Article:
Bisley is almost, in fact, a self-contained town — hence the title of this post. There are restaurants, parks and, of course, gunsmiths/shops such as Fulton & Son and William Evans:

…which contain the usual items of gunny exquisiteness:

But on to the ranges.

There are lots of long-distance ranges (one out to 1,300 yards), and I’m not going to list them all; but here’s one, just to give you an idea. A club was shooting at the 1,000-yard mark:

There are .22 ranges, medium-distance ranges, Olympic-distance ranges, shotgun ranges, and so on — all over the place, and all of which made a certain visitor’s trigger finger itch. Which is why after a quick lunch of bacon-and-egg sandwiches, Mr. Free Market took us off to where we would be doing our shooting — clay pigeons, as it turned out. Here’s the road we drove down:

…and tomorrow I’ll give you part 2 of this adventure, at Long Siberia.

Better Things To Do

I was not here over the weekend. Feel free to follow the link to find out why. Okay, here’s a hint:

Also, this.

Nor, for that matter, was I here. Another hint as to why:

Instead, I was over at the King’s Arms with the Englishman, listening to a local band performing on the pub’s lawn:

No police presence required, no obnoxious displays of flesh, no loud noises (other than the occasional burst of laughter from Yours Truly back in the pub); just families having a good time on a gorgeous summer’s day. Catering was likewise discreet:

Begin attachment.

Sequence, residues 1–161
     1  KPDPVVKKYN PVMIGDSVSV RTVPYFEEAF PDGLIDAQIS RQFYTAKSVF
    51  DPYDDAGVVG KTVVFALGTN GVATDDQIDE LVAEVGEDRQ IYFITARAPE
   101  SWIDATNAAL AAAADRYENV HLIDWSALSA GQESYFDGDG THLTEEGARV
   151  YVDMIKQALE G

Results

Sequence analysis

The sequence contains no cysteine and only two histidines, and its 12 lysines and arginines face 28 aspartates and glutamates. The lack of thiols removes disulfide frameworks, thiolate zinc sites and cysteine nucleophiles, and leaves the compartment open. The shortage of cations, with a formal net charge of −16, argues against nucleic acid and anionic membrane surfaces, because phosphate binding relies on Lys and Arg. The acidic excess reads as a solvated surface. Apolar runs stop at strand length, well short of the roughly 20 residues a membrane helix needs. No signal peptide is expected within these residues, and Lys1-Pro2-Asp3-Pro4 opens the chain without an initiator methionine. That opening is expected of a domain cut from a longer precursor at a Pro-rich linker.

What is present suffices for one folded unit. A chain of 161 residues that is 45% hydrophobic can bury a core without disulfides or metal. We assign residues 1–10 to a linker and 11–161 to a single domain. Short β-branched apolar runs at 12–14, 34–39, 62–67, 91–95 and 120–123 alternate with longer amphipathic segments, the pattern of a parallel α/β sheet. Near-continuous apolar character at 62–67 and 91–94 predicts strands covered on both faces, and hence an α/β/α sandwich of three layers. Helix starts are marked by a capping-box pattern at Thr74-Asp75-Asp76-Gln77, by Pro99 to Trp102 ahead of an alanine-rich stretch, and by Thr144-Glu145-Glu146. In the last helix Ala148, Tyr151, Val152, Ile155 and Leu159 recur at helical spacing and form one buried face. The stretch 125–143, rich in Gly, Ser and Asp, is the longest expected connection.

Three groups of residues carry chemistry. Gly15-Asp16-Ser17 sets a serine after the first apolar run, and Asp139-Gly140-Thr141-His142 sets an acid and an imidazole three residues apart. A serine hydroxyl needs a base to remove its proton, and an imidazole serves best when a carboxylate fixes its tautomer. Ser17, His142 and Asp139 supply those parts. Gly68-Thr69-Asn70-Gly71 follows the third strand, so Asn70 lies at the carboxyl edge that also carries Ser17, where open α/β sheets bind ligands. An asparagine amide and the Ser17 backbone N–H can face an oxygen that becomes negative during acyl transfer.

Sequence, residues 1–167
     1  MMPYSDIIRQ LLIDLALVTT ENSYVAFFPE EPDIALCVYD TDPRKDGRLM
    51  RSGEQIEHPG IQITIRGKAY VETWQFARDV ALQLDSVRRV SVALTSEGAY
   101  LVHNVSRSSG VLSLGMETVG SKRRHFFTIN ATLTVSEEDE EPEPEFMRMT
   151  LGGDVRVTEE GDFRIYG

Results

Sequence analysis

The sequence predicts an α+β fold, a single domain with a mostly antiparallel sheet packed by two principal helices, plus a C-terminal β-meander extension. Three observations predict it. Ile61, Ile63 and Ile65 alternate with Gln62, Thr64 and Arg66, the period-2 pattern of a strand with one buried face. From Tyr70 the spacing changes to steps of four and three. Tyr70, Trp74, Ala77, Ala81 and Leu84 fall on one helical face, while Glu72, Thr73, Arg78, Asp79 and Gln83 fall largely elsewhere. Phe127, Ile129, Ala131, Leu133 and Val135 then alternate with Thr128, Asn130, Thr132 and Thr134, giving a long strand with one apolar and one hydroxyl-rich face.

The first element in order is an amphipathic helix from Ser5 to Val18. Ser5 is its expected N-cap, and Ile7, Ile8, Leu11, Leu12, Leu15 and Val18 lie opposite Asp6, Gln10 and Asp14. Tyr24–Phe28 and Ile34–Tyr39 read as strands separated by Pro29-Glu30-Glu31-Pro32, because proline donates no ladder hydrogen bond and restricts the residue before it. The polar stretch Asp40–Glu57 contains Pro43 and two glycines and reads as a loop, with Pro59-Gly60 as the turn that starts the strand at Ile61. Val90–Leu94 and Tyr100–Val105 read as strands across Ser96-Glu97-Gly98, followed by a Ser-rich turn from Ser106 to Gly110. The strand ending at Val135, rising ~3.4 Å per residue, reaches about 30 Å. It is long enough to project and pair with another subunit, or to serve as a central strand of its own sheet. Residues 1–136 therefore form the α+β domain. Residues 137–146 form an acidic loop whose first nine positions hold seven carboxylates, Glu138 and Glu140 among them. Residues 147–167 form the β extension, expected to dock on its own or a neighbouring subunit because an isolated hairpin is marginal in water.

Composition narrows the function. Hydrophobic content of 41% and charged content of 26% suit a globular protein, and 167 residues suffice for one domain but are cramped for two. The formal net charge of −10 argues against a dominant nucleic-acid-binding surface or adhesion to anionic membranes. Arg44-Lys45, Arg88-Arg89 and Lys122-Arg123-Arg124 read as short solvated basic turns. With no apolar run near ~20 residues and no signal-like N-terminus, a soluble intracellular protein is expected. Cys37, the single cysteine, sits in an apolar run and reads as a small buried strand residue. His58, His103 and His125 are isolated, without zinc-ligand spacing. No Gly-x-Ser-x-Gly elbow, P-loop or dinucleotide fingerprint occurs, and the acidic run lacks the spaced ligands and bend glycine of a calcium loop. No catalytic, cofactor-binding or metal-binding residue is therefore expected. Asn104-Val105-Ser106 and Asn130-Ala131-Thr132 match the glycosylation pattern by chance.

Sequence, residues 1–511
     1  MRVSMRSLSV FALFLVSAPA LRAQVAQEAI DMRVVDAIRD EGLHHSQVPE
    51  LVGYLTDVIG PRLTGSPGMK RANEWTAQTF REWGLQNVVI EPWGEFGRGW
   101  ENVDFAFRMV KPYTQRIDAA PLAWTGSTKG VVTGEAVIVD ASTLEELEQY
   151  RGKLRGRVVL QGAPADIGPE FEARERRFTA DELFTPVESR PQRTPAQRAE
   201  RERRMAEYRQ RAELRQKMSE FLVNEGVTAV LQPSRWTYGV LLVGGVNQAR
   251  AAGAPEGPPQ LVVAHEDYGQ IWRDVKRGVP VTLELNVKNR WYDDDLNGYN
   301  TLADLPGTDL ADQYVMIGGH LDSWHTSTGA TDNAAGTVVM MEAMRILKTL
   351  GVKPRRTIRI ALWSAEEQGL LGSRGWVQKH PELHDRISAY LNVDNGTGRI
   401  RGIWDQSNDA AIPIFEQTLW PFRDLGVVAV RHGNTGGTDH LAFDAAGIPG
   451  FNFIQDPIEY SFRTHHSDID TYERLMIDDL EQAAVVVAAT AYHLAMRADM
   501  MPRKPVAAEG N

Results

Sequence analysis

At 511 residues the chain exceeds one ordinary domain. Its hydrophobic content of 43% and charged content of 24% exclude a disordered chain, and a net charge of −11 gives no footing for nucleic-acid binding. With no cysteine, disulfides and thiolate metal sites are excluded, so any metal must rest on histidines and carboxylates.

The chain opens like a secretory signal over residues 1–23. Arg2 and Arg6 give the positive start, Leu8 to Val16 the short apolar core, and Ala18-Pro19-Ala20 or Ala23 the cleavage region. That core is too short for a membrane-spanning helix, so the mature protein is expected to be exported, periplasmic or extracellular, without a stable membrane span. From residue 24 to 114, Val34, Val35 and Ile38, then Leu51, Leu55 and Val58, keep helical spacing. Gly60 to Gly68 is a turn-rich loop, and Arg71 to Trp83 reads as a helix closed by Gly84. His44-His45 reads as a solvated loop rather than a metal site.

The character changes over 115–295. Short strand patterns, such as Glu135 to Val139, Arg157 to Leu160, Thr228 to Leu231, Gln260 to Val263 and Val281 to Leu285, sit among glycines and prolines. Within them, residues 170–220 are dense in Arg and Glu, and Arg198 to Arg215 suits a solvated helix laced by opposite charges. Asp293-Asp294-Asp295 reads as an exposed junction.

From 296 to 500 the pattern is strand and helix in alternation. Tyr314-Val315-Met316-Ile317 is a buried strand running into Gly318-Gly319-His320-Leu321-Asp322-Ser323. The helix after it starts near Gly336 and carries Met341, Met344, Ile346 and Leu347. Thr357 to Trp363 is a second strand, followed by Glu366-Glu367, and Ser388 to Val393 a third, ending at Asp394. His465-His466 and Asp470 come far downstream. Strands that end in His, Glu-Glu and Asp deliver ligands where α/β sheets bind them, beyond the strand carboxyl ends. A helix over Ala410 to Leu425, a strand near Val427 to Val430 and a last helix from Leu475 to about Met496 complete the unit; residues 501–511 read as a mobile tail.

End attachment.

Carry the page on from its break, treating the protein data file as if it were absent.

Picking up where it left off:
…and provided locally-made hamburgers and sausages:

Altogether, I think you’ll agree that I had the better time of it.

Not Vulnerable Enough

Let’s suppose for a moment that you find yourself in a perilous situation, and have to call 911 — only the responding officer deduces from your accent that you’re Black, and therefore not worthy of immediate assistance. Imagine the furor if this was made public.

Now try this, from Britishland (RCOB* Alert):

“Increasingly, as we go forward we will look at things like trying to assess people and crime on the sort of threat, the harm, the risk and people’s vulnerability.

“It’s absolutely feasible that if my neighbour is a vulnerable elderly person who has experienced a particular type of crime, that she gets a face-to-face service that I don’t get. So we triage things, we assess people’s vulnerability.

“Vulnerability can manifest itself in a number of ways – people with learning difficulties, a whole range of things, some people for whom English isn’t a first language.